George Smith, one of the Nobel Laureates in Chemistry 2018
George Smith, one of the Nobel Laureates in Chemistry 2018

In his lecture, George P. Smith talked about the method phage display that he developed in 1985. This method utilizes bacteriophages (bacteria that infects virus) to produce new proteins and was the reason why he was awarded the Nobel Prize in Chemistry this year.

One of the other Nobel Laureates in Chemistry this year, Gregory Winter, later used the method to develop a drug that is currently used for arthritis, psoriasis and inflammatory bowel disease. The drug was approved in 2002 and the method has, after that, also produced antibodies that can neutralize poisons, counteract autoimmune diseases and cure metastatic cancer.

A humble genius with a good heart

Before the lecture, the audience was told that George P. Smith's students have described him as "a humble genius with a good heart". During the lecture it was easy to understand why. The Nobel Laureate joked with the audience and seemed to be comfortable in the role of the teacher.

George Smith talking to PhD students after the lecture.
George Smith talking to PhD students after the lecture.

"I have spent a lot of time sequencing protein. If anyone is thinking about doing that, I advise you not to," he joked.

Teaching is intellectually stimulating and developing, George P. Smith said in response to a question about the importance of teaching as a researcher. He emphasized that it requires a great understanding of a topic to introduce it to people who doesn’t know anything about it. He also added that he thinks it is the duty of older and more experienced people to educate those who are young.

Interest in chemistry began with an interest in animals

As a child, George P. Smith was very interested in animals and often dragged his parents along to the zoo in New York. He could stand for a long time just watching the crocodiles and snakes, even though they barely moved. When he started college he studied biology, but eventually he became more and more interested in chemistry.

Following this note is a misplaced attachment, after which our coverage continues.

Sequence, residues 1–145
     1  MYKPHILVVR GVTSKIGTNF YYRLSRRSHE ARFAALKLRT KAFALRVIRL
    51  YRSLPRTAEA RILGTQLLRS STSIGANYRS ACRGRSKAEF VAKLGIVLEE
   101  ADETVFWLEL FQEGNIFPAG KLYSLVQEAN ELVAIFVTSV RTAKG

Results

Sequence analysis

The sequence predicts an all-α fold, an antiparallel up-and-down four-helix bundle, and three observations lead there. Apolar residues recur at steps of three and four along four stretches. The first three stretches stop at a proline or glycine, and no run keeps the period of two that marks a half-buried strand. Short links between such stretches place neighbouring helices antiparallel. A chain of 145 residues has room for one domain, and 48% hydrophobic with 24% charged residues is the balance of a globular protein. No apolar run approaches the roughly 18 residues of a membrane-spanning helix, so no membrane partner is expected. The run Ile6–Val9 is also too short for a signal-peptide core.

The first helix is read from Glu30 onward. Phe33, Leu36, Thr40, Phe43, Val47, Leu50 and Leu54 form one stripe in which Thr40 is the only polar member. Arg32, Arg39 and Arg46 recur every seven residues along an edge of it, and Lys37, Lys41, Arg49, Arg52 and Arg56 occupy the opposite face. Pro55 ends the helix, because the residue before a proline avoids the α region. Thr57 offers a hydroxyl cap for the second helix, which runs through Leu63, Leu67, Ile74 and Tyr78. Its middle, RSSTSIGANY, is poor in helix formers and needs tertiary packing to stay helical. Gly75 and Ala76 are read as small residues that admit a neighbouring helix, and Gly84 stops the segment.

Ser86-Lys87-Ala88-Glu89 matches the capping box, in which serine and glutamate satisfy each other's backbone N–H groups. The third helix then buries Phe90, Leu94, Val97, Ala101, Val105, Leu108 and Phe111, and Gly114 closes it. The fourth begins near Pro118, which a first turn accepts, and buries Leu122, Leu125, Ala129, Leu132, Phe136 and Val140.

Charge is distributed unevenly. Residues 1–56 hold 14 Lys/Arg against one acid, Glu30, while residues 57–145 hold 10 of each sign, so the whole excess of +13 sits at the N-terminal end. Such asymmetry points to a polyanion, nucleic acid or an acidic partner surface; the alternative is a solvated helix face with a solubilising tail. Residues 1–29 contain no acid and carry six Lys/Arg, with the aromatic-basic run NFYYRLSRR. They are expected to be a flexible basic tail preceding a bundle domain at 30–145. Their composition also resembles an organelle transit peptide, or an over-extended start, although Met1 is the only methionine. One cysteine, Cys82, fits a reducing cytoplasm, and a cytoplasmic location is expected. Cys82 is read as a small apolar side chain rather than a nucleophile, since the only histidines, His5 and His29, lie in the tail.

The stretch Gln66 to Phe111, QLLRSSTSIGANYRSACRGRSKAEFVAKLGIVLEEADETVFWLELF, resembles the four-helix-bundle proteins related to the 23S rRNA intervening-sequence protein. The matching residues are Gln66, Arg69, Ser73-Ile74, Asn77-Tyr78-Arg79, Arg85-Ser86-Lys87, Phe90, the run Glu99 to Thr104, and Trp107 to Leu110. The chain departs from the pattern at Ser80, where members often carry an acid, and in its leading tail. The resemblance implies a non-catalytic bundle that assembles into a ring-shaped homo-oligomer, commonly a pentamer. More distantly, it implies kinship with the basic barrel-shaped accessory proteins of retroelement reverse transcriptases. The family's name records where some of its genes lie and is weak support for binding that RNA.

“The logical mathematical thinking appealed to me, so I abandoned the snakes. I actually had some snakes at home as an adult, but it remained as a hobby.

Don’t aim on winning grand awards

On the question if he had any advice for young researchers, the Nobel Prize Laureate joked about that when you win the Nobel Prize you are expected to be an expert on everything. But then he became serious.

“Remain excited about what you do. The delight in your work will save you from all the failure you will go through. Take pleasure in the little things.”

“It’s really silly to have as a goal to win a prize, the chance is so little. And winning a prize is not the thing that will give you the most pleasure. You might hold high esteem in the science community that you belong to, that can give you pleasure. And the feeling that you have achieved things in your field of research, that is also something that can give you joy and satisfaction.”

About George P. Smith

George P. Smith, born 1941 in Norwalk, USA. Ph.D. 1970, Harvard University, Cambridge, USA. Curators’ Distinguished Professor Emeritus of Biological Sciences, University of Missouri, Columbia, USA.

Nobel Laureate in Physics visits Stockholm University

Watch the Nobel Lectures 2018 at Stockholm University with the Nobel Laureates in Chemistry, Physics and Economic Sciences. 

Delar av den organiserande kommittén
Delar av den organiserande kommittén (vänster till höger) Sara Kosenina, Markel Martinez Carranza (in the back), Eloy Vallina Estrada, Nobel Laureate George Smith, Joan Patrick, Hannah Dawitz, Theresa Kriegler.